Table of Contents[Hide][Show]
- What Should I Pack in an Emergency Kit for the Car?
- Anti-Covid-19 Hygiene Items to Pack
- Basic Car Emergency Kit
- First Aid Kit for Your Car
- Winter Weather Car Kit
- What to Keep in Your Glove Compartment
- Keeping it Close in the Console
- What’s in your Trunk
- A Stash of Mom Essentials
- Emergency Food
- Basics for Traveling with Kids
- Essentials for Traveling with Babies
- Supplies for Your Pets
- Keeping it Clean
- Manufacturer’s Roadside Assistance
- Subscription Based Vehicular Communications Systems
After packing up the flip-flops and the swimsuits, it’s time to pack up the car for your vacation. Stash the wipes and the ziplock bags, stow the extra cords and cables, grab a Leatherman tool and a roll of duct tape so your family vacay will proceed without a unfortunate pitstop on a nameless highway. Read on for what one writer recommends to pack in an emergency kit for your car.
What Should I Pack in an Emergency Kit for the Car?
Road trip season is upon us. And preparing your vehicle for the what-ifs is as important as what to wear. Having some basic gear for emergencies can be the difference between a slight delay and derailing a family vacation. Read on for what to pack in an emergency kit for the car.
Anti-Covid-19 Hygiene Items to Pack
- Masks (Many places still require visitors to wear masks in public, at the beach, in restaurants. We like these super cute masks from Etsy.)
- Disinfecting wipes
- Hand sanitizer
- CDC approved cleaning supplies (Or make your own bleach solution by mixing 1/3 cup bleach per gallon of room temperature water or 4 teaspoons bleach per quart of room temperature water.)
- Disposable plastic gloves (to wear if you have to go inside during a potty stop)
Read More: Car maintenance checklist to prepare the inside of your car for the road trip.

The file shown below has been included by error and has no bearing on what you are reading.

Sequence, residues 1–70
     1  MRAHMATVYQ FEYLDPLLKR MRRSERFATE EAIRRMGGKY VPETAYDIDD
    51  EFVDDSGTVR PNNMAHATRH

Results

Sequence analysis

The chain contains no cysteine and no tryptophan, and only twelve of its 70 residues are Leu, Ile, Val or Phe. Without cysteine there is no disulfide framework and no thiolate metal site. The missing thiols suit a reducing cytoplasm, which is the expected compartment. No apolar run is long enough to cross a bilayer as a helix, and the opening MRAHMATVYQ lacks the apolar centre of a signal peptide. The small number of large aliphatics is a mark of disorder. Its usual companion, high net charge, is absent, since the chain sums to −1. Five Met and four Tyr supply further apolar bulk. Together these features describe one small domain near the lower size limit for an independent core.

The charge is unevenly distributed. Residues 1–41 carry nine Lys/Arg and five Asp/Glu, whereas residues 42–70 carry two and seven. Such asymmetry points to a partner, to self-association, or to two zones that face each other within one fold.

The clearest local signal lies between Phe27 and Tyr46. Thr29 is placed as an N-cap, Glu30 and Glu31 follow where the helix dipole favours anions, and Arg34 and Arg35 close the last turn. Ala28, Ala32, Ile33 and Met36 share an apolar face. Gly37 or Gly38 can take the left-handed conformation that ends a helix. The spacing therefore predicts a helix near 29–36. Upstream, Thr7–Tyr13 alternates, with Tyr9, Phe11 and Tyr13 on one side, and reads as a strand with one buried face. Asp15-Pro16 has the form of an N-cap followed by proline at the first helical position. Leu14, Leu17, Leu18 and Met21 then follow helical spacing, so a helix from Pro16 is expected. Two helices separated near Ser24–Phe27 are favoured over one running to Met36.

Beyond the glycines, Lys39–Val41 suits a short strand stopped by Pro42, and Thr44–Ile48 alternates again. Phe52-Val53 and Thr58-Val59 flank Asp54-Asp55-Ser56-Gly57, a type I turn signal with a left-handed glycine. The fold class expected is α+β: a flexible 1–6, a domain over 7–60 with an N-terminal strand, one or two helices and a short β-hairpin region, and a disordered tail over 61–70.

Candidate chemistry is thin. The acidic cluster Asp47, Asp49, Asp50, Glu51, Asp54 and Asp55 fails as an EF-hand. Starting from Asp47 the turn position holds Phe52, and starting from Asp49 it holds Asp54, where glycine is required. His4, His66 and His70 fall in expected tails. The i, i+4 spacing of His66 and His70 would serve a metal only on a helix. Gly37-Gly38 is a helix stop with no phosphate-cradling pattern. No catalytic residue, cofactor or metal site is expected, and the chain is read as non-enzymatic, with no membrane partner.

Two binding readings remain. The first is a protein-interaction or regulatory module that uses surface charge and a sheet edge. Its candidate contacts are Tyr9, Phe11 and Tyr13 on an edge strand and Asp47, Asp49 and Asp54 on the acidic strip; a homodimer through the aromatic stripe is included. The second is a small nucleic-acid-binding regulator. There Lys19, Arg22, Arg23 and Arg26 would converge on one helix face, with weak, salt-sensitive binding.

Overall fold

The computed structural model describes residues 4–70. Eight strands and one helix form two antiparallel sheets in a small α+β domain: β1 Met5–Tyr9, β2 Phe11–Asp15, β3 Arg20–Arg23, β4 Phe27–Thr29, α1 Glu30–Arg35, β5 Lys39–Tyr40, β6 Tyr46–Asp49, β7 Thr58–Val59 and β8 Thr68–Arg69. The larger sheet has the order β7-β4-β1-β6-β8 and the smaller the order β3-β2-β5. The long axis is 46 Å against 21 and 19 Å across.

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Basic Car Emergency Kit
Your car needs to be prepared for your trip, no matter the length or destination. And the most important thing to have is a well-maintained car with tires in good shape.
- Cell phone
- Inflated spare tire
- Working jack with all the parts
- Wheel lug if your tires require one
- Reflective Triangle
- Emergency Fix-a-Flat
- Jumper Cables
- Leatherman Tool
- 3M Duct Tape
- Vinyl-coated work gloves
- Quart of oil and funnel
- Car manual–What’s that mysterious dashboard light?
- Paper Maps or Atlas—Get free ones in a state’s welcome center.
First Aid Kit for Your Car
If you have kids, like I do, you know how quickly they can get hurt. Even a simple trip to the playground can have you digging in your car for a jumbo Band-aid for a skinned knee.
You can buy a complete first aid kit or make your own.
- Assorted Band-aids
- Antiseptic Wipes
- Sterile 3×4 bandages—for larger scrapes, like knees and elbows
- Medical tape
- Benadryl Anti-Inch Cream
- Allergy medication, like Benadryl liquid
- Advil pain reliever, in Adult and Junior dosage
- Hand sanitizer
- Pepto-Bismol tablets
- Blistex medicated lip cream
- Cold Compress
- Eye wash
- Baby faces sunscreen
- Family insect repellent
- Extra required medication
Winter Weather Car Kit
Winter driving requires its own emergency equipment for cold weather.
- Emergency reflective blankets–in case you get stranded when a road closes.
- Ice scraper with a brush, add an extra for the kids to help
- Microfiber towel–Wipe down mirrors or inside windows.
- Can of de-icer
- State Road Condition App loaded on phone—Keep up to date with changing road conditions.
- Tire Chains or Cables—Along with some cash to pay a roadside installer.
- Multipurpose tool
- Waterproof gloves–Slip these over your other gloves when de-icing or removing snow.
- Small shovel for digging out car
- Cat litter or sand—Helps give your tires some traction
- Hand warmers
- Kind Bars or your favorite high-energy snack
What to Keep in Your Glove Compartment
Keep important documents and gear close at hand, especially in case of emergency.
- Copy of driver’s license, car insurance card and vehicle registration.
- Roadside assistance card, like AAA
- Car manual
- Car maintenance log
- Tire pressure gauge
- Window breaker and seat belt cutter
- Waterproof matches or lighter
- Extra phone charging cable
Keeping it Close in the Console
Another place close at hand to store essentials.
- Travel-sized Kleenex
- Baby wipes
- Clorox Wipes
- Ziploc bags–Got a kid that gets car sick?
- Paper towels or napkins
- Extra Cash–including change for old-school parking meters.
- Extra Sunglasses
- List of relative’s phone numbers—Just in case your phone goes missing.